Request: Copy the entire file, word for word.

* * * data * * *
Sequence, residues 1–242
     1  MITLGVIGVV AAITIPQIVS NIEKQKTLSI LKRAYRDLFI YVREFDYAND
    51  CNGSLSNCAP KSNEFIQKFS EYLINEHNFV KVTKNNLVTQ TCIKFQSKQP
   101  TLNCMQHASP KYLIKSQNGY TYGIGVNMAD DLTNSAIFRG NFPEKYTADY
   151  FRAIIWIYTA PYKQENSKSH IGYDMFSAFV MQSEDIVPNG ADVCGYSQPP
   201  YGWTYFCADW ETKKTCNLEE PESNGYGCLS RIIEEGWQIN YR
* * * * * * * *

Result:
Sequence, residues 1–242
     1  MITLGVIGVV AAITIPQIVS NIEKQKTLSI LKRAYRDLFI YVREFDYAND
    51  CNGSLSNCAP KSNEFIQKFS EYLINEHNFV KVTKNNLVTQ TCIKFQSKQP
   101  TLNCMQHASP KYLIKSQNGY TYGIGVNMAD DLTNSAIFRG NFPEKYTADY
   151  FRAIIWIYTA PYKQENSKSH IGYDMFSAFV MQSEDIVPNG ADVCGYSQPP
   201  YGWTYFCADW ETKKTCNLEE PESNGYGCLS RIIEEGWQIN YR